When There’s Nothing Left – Choosing Trust

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OLYMPUS DIGITAL CAMERA

Looking at the ultrasound monitor, I didn’t need anyone to tell me. I knew as soon as I saw him. My baby was dead.

We sat in a small, separate waiting room with dim lighting and Kleenex boxes everywhere waiting for the doctor. Four weeks ago our baby was wiggling all over that monitor, waving to us, measuring just right, looking good. And now he was dead. Why would God do this to us again?

Seven months ago, we had lost our first baby at 18 weeks. I thought it was the hardest thing I’d ever gone through. By the time I started miscarrying, he was already absorbing into my uterus, so I had to have a D&C. We had asked so many questions, felt so much grief, and yet God had carried us. We learned and grew closer to God and to each other.

We’d been so much more careful this time, so many more ultrasounds, and things had been looking good. It seemed like God was answering our prayers. But now my heart breaking all over again. Why? Why would God let this happen?

The doctor came. He told me our baby was bigger this time. He told me it would be better if I delivered him. He wanted to know if tomorrow would work. Tomorrow was Valentine’s Day.

Valentine’s Day will never be the same for me, but I’m okay with that. I spent February 14, 2009 in the hospital laboring with my tiny baby. It was a bit surreal. To be on the maternity floor. To hear babies crying. It lasted all day until finally, at 9:34pm, we got to see our teeny, little, baby boy. He was about 15 weeks along, even though I was at 17 weeks, with tiny fingers and toes, and little ribs. You could even see his fingernails starting to form. The nurses let us spend as much time as we wanted with him. It’s hard to explain the pain I felt, kind of like my chest was ripping in two. I wanted that baby! I wanted him so much! But I wanted him to be alive. And he wasn’t.

I remember them asking if we had a name for him. I didn’t had any names for dead babies, only for alive ones! We didn’t know what to do. My husband and I talked about it. We were struggling to trust God and believe in His goodness. It felt impossible to hold on. So, we chose to take a step of faith, and we named our son, Trust. Not because we felt it, because we didn’t. But, we chose to trust in a God that we could not see and did not understand. Instantly, I felt peace flood my heart.

I know what it means in Philippians 4:7 “And the peace of God, which surpasses all understanding will guard your hearts and your minds in Christ Jesus.” Because the peace I felt didn’t make any sense. It wasn’t like anything had changed in my circumstances…but I had absolute peace.

 

  • “…I am the LORD, and there is no other. I form light and create darkness, I make well-being and create calamity. I am the LORD who does all these things.” Isaiah 45:6b-7

I had found this verse before my babies died, but afterwards it became my life verse. I had heard well-meaning people tell others who were grieving that God was sorry their pain happened. I didn’t want God to be sorry, because I didn’t want him to be weak. Like, “Oops, sorry about that!” I wanted a God who was totally in control. It comforted me to read this verse and hear God tell me, “Christy, I took your babies. I did it on purpose. It was not an accident.” Because a God who is completely in control and loves me, is safe even if I don’t understand Him. I love believing in a Being who is good and loving, but so far above me that He doesn’t owe me an explanation for His actions. It brings me peace.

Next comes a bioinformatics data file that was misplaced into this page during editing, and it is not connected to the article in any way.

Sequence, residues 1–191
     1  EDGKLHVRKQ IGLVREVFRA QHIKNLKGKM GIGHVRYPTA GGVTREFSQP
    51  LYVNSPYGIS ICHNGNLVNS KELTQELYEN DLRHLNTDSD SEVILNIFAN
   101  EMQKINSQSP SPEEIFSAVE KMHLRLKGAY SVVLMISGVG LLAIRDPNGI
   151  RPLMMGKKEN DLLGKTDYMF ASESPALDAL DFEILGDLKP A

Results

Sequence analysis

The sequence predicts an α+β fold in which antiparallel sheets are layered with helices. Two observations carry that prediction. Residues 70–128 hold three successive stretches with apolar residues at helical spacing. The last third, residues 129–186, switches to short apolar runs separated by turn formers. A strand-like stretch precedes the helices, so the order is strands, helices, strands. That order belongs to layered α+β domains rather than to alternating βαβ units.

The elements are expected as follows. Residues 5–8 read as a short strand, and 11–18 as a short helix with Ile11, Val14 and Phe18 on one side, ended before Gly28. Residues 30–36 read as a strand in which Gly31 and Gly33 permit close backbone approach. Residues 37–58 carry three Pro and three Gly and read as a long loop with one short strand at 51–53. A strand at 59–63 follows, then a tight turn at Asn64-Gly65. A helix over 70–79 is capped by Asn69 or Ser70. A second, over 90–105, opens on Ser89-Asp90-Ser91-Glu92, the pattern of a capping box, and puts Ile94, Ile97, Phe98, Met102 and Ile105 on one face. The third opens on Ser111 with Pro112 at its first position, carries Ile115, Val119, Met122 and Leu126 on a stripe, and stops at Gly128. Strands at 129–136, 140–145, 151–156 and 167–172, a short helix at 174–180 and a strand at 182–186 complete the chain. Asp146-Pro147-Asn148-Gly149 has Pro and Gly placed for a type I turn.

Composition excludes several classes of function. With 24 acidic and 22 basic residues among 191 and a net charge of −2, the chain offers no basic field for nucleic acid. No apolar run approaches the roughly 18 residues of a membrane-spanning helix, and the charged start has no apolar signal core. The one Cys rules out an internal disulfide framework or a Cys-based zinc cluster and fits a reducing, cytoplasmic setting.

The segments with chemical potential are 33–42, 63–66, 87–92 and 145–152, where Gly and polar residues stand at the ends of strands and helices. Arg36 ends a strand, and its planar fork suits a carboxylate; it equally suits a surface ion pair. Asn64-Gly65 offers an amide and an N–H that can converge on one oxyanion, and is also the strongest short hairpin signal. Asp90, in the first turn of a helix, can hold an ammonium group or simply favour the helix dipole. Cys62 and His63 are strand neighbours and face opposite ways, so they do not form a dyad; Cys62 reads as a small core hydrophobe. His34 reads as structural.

Jesus carried me after my babies died. He held me five weeks later when I shared my testimony of loss and trust with a group of juvenile delinquents on a Reservation in South Dakota. He held me up so that I could still reach out to the junior high kids in our youth group. Jesus carried me through my friend’s pregnancies, and baby showers, and seeing young teen mom’s at Walmart. Oh, I cried, often! But they were not tears of hopelessness and despair, just of sorrow and somehow trust. I was a blubbering mess just writing this! Choosing to trust does not mean that we don’t feel pain.

One year after we lost Trust, despite thinking we might never have children, God miraculously provided a diagnoses, a fertility specialist who just happened to be one of the best in the nation, $8000, a surgery, and a brand new baby growing in my tummy. Our daughter Zoe’s birthday and Trust’s due date are just two days and one year a part.

Sometimes God gives us the desires of our hearts even when it seems impossible, and other times He doesn’t. I have a close friend who struggles with infertility, she has even been through IVF and God has chosen not to give her a baby. Why? Often we will never know that answer, but we can believe that God never loses control and we can choose to trust.

 

“…I the LORD, do all these things.” Isaiah 45:7

How does that make you feel? It gives me confidence knowing that nothing can come to me that hasn’t passed through the hand of my Heavenly Father. His plans and thoughts are so much larger than mine. I can trust Him.

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2 thoughts on “When There’s Nothing Left – Choosing Trust

  1. Pingback: How Big is Your God? | Let Me Be Foolish

  2. Pingback: Peace that Doesn’t Make Sense | Let Me Be Foolish

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